John Ashworth highlights the huge diplomatic and constitutional danger that, if the industry or government continue with the EU system of quotas, the industry will have nailed itself to the current EU cross.
Considering we have known the procedure the Government intend to follow since the Prime Minister’s speech on 2nd. October, some of the various articles and letters written by representatives of the industry since then have been disappointing.
For the two Federations to say the Industry speaks with one voice, is far from the case.
Yes, the Industry now wants our EEZ back, a radical and welcome departure from when the SFF and NFFO decried FAL/SBF for saying so, but the crucial constitutional implications are how that EEZ is operated once the UK withdraws from the EU.
The Federations still want to continue with the quota system, however, this is absolute diplomatic suicide which plays right into the EU and Remainers hands, and I will explain why.
- In 1961 Prime Minister Harold Macmillan and his chief negotiator Edward Heath applied for the UK to join the EEC, however, French President General De Gaulle vetoed our application in 1963.
- In the 1960s the 3 mile fisheries limits were being extended from 3 nautical miles to 12. The UK decided to call a meeting of European nations, to agree arrangements for the new limits- this was the London 1964 Fisheries Convention. – this convention can now be repealed with 2 years notice.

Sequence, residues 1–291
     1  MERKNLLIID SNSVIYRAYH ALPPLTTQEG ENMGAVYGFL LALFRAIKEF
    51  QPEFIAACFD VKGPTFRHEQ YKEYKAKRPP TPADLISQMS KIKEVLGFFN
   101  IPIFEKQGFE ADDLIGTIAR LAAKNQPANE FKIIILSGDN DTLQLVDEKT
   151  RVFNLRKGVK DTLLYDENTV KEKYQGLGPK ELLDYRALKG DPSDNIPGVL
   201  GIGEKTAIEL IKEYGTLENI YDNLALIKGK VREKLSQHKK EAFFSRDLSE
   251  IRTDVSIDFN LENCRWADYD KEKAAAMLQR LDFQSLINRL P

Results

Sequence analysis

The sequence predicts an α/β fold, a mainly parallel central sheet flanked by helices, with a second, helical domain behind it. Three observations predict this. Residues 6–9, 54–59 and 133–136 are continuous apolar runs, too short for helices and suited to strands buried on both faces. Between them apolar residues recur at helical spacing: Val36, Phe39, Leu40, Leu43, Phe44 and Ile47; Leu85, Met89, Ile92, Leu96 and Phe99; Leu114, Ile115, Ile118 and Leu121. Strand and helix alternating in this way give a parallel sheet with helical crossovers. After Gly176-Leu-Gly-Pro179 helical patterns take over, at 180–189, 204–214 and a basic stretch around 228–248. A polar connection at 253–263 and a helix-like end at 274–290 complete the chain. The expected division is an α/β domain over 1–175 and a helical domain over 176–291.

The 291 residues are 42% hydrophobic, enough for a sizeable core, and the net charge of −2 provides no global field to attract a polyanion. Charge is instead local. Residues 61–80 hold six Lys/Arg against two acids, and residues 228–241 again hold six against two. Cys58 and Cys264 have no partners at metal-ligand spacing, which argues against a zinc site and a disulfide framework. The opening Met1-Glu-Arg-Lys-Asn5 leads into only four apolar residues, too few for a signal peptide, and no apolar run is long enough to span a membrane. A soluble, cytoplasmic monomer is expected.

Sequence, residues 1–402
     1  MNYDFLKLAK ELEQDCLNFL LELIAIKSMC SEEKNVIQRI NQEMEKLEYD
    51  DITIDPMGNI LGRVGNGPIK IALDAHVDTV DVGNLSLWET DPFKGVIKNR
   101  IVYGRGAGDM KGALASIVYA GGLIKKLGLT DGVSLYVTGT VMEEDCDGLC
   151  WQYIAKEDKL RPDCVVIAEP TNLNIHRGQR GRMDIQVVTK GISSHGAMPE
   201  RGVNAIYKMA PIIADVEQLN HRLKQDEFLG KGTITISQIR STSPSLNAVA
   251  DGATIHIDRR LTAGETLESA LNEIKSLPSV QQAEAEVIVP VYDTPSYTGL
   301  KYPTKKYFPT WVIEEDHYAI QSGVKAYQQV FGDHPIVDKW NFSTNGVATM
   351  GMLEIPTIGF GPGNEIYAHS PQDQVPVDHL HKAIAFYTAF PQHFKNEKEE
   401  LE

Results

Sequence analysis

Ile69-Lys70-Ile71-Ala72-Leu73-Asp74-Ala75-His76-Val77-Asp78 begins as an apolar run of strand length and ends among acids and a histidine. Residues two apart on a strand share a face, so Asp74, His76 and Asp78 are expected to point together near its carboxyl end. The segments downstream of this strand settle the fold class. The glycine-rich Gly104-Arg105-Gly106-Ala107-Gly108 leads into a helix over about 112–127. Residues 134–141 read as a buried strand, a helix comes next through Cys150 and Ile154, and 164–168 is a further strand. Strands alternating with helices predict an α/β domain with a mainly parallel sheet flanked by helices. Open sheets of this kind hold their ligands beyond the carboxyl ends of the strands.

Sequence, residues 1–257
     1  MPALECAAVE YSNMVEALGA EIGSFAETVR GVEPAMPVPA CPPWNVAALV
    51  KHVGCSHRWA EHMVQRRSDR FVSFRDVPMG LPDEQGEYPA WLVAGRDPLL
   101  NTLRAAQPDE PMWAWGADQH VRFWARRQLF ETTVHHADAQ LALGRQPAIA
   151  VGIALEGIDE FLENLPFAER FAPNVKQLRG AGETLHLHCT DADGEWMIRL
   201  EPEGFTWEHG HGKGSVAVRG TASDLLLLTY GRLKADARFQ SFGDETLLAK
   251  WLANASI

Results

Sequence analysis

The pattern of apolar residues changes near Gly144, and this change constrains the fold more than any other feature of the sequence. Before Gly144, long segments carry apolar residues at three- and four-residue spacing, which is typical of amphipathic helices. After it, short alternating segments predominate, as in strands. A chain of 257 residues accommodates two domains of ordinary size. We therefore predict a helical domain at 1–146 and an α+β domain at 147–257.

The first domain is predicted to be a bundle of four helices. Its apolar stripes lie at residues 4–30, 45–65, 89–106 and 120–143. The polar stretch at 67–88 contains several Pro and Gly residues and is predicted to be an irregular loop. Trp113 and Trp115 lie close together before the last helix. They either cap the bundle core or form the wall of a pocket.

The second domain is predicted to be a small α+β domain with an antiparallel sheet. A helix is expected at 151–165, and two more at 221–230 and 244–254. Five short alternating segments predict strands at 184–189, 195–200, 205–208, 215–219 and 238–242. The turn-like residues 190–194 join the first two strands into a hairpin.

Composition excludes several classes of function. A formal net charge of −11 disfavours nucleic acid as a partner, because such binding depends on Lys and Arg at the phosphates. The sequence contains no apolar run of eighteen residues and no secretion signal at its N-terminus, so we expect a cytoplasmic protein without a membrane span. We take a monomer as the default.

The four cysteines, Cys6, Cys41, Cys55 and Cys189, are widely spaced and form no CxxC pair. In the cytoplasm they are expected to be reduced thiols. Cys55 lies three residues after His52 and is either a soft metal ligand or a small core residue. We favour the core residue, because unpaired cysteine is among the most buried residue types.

- Miraculously this convention gave generous concessions to the other European nations. France ended up with rights to fish 73% of our 6 to 12 nautical mile limits. It made no difference to the French under De Gaulle, he kept his stance of vetoing UK membership until he left office in 1969.
- Heath became PM in 1970, but the French now knew Heath’s desperation to join the EEC, having substantially won in 1964, they could get another bite of the spoils in 1972, which they did with the UK accepting upon joining Regulation 2141/70 which gave control of fisheries to the EU and “equal access to a common resource”.
- When international limits were extended to 200nm the European “petty thief’s” who wanted the 12nm found they had actually robbed a bank by gaining the 200nm.
- In 1983 Regulation 170/83 divided all these subsumed resources within these EU waters out under the provisions of equal access to a common resource to all member states under an EU quota system and relative stability shares.
Therefore, the Quota system the industry has been devastated under and which is the root cause of the discard problem is not some international given nor is it a British system shared with the EU.
Quotas are entirely an EU construct and recognised under law as such.
Consequently, if the Great “Repeal” Bill adopts all EU into UK law, or, the government, with federation approval, continues with these EU quotas then not one thing will change from the current situation.
We will start from the status quo, having adopted and recognised EU Quotas, Relative stability share outs and historic rights and have to fight the EU to barter back our resources that were taken under the EU quota system in 1983.
The EU will have sound legal recourse under international treaty protocol – the Vienna convention on treaties and human rights legislation – to ensure shares stay just as is.